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On organising your data David Nathan | Training session handout | 2010-02-04 Please read Bird & Simons Seven Dimensions of Portability … Introductory comments Managing files vs managing data? These are a continuum, eg 1. a filename can be an item of data in a file 2. similar principles apply: transparency, consistency, interoperability BUT: filenames are also constrained by operating systems and networks (eg OS directory is a tree, there are filenaming rules), while data should be primarily a model of some domain or reality. 1. Objects What objects do you have, e.g. computer files, cassettes, video tapes, photographs? 2. Organising principles For example, events, publications, projects, media types. Try to think of principles that: (a) come out of real, actual life (b) are obvious to you, so you will know where to look for things (hint: where do you keep your socks; passport; favorite cup; bicycle key; salt?) In other words, the location is defined as "the place that you would naturally look to find them." Note: some things just need to be together, see examples below. 3. Identifiers Real world objects are inherently identified because of their physical uniqueness, location etc. An unlabelled cassette is only poorly identified. Digital objects have no such physical independence - they depend on the identifiers that we give them. We could recognise three types of identifiers: semantic, e.g. Akira Kurosawa, The Sound of Music keys (disambiguators), e.g. 1137204 (a student number), 0803 211 6148 (a telephone number), p12893fh23.pdf (some system's reference number) relative, e.g. index.html, metadata.xls, 67 High Street, "the secretary" You collection will have a mix of these but it is important to be aware of the differences, for example: semantic identifiers can be types or tokens (or masters vs. copies) for keys, a program or process might depend on the identifier to work properly if you move relative references you may destroy their meaning On organising data 2 4. Location/address/path The identity of a digital object also relies on its location. The full identity of a computer file is its path + filename. The path is a representation of the directory/folder hierarchy. If the identifier (including the path) is naturally unambiguous then everything is fine, compare the following: c:\\dogs\spaniels\rover.jpg c:\\cars\british\rover.jpg or lectures\syntax\20091103\notes.doc is fine because you are not going to have two syntax lectures on the same day (unless you are very unlucky indeed!) But semantic identifiers are potentially dangerous, as just adding more of them to disambiguate filenames will not work: 20090318\rover.jpg 20090318\white_rover.jpg So objects in your system which are not naturally semantically unique need identifiers which are either keys, or relative. 5. System or syntax for identifiers We tend to be unsystematic in naming files. This can often be OK, and if you have a method that already does everything you need to do (and will need to do in the future) then you do not need to change anything. But filenames that are unsystematic or are non-standard will cause problems for large collections. Some rules: don't accept the default filename suggested by an application when you first attempt to save it put a new file where it belongs, immediately. If necessary, create the place (directory/path) where it belongs (I often start in the place where it belongs, create a new blank file, and only then start creating the content) filename rules: o all filenames should have correct extensions o each filename should have exactly one ".", before the extension o do not use characters other than letter, numbers, hyphen - and underscore _ o wherever possible, avoid non-ASCII characters in filenames o keep filenames short, just long enough to contain the necessary identifier - don't fill them up with lots of information about the content (that is metadata! - see below) On organising data 3 Some hints: make filenames usefully sortable, e.g. 20100119lecture.doc 20100203lecture.doc Compare the following: gr_transcription_1.txt gr_transcription_001.txt gr_transcription_2.txt gr_transcription_002.txt gr_transcription_53.txt gr_transcription_009.txt gr_transcription_9.txt gr_transcription_053.txt You can keep some resources together (and/or sortable together) by giving them the same filename root (the part before the extension), or part of the root: gr_reefs.wav paaka_photo001.jpg gr_reefs.eaf paaka_photo002.jpg gr_reefs.txt paaka_txt_conv203.wav paaka_txt_conv203.eaf paaka_txt_lex.doc Avoid stuffing metadata into filenames. The filename is an identifier, not a container for information. Some people try to put language names, locations, speech genres, dates, speakers' names etc all into their filenames. They would be better off using a simple (semantic) filename or a key (i.e. meaningless) filename, and then creating a metadata table to contain all the information. The table can contain all the information properly expressed, and will also be extensible for further metadata. i.e. NOT Paaka_Reefs_Dan_BH_3Oct97.txt (filename) paaka063.txt - contains: language topic speaker location date Paakantyi Reefs at Dan Herbert Broken Hill 1997-10-03 Mutawintyi Make sure to carefully design a filename system for your important corpus data and to document that system so that somebody else can understand it. On organising data 4 6. Tools After sorting out the identifiers and their locations, according to some organising principles that are sensible for you and understandable to others who have an interest in the same kind of data, you should create some kind of cataloguing or inventories for particular collections or corpora of data. Common tools or formats include: Spreadsheet (Excel) Database (e.g. Access, Filemaker Pro, Toolbox) HTML pages In addition, there are some tools and techniques that can help you check and manage your data. Windows users can use the command prompt to get file listings, which can then be quickly manipulated or searched. To get the command prompt, press Windows-key + R. Then type "cmd" and press enter. IN the box that comes up, you need to navigate to the directory/folder where your files are (using the DOS commands, especially "cd" - see, e.g. http://www.colorado.edu/geography/gcraft/tips/doshelp.html). Then type the following, which gets a listing of the directory and all its subdirectories and saves it in a file called filelist.txt: dir /s > filelist.txt There are various other utilities for checking what you've got. Jam software makes some nice free (and not free) software, such as Treesize (to see the sizes of various types of files in various locations), FileList (does similar to the command prompt example above): http://www.jam-software.com/freeware/index.shtml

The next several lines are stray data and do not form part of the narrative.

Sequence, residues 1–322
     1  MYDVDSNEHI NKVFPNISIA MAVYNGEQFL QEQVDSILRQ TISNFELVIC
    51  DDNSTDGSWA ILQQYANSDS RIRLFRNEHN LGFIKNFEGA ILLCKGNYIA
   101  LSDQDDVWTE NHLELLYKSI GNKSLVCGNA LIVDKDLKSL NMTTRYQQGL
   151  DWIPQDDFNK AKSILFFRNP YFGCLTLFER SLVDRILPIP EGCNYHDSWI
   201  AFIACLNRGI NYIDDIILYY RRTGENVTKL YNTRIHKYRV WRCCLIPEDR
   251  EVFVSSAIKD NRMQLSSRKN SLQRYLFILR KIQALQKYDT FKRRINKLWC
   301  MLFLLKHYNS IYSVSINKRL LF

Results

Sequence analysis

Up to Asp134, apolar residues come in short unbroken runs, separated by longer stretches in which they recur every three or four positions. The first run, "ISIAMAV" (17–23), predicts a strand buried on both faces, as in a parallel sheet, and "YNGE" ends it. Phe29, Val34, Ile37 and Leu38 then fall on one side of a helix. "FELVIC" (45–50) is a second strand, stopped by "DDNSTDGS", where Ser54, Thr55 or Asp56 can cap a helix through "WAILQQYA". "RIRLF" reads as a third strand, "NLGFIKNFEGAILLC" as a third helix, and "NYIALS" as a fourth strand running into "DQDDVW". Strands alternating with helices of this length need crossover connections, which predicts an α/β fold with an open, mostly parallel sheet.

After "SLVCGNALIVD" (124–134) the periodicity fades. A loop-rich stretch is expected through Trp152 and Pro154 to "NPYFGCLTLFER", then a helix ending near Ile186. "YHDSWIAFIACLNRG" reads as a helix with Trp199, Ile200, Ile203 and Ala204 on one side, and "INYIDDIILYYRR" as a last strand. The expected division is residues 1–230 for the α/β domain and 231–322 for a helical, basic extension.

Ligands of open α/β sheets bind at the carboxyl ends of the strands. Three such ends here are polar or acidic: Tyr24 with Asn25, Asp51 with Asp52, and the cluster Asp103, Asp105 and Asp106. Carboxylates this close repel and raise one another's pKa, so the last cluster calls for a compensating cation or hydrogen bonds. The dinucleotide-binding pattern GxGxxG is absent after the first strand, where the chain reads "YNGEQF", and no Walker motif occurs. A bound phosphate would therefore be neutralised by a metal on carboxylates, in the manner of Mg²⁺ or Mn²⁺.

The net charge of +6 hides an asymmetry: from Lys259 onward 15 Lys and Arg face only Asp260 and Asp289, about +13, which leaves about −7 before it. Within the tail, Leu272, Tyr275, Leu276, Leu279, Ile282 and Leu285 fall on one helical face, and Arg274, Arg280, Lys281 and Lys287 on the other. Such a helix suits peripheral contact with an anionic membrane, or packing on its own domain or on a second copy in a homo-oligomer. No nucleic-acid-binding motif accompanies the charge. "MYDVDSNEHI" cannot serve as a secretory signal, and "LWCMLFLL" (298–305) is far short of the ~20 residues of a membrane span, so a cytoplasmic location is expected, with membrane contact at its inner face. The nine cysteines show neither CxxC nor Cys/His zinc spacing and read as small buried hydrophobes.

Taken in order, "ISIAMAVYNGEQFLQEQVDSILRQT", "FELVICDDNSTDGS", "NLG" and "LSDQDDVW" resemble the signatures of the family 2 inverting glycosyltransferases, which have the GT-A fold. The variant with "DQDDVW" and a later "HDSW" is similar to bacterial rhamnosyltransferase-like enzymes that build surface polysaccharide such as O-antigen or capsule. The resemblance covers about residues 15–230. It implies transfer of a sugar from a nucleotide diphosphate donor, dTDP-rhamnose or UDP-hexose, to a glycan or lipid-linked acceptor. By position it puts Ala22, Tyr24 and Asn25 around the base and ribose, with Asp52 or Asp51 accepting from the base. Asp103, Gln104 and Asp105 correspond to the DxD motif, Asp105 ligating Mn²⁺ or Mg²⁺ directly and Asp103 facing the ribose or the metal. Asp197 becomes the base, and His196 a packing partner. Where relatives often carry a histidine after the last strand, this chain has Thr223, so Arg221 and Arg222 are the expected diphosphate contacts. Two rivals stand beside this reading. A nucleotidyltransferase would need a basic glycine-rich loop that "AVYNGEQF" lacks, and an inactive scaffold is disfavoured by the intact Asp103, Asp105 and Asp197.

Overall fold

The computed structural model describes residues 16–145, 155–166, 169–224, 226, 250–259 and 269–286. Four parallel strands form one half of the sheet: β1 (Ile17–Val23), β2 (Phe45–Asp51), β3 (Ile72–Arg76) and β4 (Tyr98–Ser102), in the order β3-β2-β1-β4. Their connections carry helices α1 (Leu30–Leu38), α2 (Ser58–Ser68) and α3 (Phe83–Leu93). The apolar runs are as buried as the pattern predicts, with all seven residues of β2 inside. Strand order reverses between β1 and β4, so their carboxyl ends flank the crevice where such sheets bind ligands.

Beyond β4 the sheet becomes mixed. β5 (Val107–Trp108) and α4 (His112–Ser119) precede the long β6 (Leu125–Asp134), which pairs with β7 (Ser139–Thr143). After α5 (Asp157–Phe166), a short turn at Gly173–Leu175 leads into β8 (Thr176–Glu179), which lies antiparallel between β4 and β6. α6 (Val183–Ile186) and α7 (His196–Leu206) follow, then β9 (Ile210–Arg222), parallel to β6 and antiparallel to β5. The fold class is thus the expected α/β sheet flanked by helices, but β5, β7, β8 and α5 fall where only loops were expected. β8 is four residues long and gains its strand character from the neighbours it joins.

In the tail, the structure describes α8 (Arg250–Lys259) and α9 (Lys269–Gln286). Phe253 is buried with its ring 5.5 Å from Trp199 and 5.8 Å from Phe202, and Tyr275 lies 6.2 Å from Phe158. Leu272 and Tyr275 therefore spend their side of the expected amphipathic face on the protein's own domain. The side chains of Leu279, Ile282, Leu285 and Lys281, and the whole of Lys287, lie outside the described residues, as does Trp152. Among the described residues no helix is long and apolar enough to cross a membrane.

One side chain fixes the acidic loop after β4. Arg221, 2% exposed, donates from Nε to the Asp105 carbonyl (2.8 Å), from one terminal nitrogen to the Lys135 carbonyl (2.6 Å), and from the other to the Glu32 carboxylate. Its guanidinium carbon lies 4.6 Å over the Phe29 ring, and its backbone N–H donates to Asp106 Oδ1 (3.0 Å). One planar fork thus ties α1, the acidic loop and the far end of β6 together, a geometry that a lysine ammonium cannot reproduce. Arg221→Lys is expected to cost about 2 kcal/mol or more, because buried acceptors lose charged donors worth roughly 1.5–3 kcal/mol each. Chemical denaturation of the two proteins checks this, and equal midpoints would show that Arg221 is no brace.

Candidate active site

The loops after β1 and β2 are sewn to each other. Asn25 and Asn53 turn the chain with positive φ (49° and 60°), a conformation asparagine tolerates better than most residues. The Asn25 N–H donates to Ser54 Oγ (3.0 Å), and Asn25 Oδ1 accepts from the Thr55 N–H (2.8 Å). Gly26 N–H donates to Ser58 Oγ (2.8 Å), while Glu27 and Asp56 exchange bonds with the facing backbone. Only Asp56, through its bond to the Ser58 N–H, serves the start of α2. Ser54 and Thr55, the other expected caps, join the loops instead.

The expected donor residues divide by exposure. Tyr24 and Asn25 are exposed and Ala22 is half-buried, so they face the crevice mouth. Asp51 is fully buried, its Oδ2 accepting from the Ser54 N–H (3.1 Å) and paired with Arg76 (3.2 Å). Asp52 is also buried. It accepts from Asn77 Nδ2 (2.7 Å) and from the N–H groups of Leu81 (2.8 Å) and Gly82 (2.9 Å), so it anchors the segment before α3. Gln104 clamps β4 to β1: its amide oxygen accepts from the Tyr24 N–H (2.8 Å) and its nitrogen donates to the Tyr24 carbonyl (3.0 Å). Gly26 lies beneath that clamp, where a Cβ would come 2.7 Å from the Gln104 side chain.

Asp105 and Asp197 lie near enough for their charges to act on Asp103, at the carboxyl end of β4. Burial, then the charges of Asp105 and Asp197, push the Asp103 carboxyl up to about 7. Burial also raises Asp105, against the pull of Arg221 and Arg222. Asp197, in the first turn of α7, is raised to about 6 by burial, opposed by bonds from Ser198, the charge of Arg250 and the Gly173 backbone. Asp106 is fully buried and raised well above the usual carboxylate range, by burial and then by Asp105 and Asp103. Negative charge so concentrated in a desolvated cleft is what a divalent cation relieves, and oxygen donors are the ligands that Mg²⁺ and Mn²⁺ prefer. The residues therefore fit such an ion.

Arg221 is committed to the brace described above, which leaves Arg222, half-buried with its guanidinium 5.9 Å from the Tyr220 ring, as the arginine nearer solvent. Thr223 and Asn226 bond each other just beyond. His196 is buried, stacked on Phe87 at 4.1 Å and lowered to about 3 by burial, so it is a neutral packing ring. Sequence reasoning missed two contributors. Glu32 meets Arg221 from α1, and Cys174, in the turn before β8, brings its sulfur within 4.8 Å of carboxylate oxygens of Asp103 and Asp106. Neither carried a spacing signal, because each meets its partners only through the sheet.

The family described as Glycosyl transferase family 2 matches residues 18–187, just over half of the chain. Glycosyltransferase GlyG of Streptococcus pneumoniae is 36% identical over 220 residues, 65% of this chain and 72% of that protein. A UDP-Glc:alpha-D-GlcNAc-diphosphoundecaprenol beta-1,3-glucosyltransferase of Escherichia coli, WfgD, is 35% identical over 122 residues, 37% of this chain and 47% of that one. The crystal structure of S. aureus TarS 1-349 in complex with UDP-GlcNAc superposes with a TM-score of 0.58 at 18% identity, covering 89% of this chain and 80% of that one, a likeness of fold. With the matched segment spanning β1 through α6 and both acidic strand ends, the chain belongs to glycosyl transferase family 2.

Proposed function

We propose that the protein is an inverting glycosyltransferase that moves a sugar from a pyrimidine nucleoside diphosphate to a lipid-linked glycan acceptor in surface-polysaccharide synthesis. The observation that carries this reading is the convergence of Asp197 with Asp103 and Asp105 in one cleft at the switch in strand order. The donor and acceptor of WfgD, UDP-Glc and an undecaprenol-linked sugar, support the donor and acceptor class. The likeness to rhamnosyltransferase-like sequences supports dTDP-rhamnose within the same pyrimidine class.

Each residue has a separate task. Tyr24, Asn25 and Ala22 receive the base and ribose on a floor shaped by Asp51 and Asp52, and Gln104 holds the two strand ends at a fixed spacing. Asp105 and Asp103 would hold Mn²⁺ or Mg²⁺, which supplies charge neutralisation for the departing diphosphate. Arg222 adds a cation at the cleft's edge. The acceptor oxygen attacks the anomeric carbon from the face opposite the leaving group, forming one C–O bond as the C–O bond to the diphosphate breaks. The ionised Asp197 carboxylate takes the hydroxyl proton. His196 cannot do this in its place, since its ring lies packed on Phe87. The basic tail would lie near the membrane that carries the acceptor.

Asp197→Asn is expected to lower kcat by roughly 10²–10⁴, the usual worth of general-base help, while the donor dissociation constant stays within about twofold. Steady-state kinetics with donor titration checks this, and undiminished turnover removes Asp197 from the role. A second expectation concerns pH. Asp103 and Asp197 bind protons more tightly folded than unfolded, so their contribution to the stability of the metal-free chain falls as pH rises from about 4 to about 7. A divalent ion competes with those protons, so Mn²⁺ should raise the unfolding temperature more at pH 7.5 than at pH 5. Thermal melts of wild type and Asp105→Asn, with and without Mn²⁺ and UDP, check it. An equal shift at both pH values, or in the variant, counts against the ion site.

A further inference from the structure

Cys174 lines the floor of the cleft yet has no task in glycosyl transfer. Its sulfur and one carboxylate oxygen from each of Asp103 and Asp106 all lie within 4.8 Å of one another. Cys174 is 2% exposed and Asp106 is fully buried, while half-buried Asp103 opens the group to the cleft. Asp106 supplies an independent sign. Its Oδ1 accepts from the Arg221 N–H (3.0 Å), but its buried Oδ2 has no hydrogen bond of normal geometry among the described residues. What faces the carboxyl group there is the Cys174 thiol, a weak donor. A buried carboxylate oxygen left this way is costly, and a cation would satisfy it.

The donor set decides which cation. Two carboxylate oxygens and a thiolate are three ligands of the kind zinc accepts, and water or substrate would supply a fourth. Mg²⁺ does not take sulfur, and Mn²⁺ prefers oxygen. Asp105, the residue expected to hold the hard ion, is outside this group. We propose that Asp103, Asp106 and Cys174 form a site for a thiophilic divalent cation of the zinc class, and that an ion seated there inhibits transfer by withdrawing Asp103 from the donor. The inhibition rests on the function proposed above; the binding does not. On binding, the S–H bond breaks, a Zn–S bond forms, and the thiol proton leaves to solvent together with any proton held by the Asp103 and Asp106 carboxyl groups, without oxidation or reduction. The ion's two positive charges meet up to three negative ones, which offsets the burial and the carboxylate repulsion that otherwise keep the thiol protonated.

"On organising your data"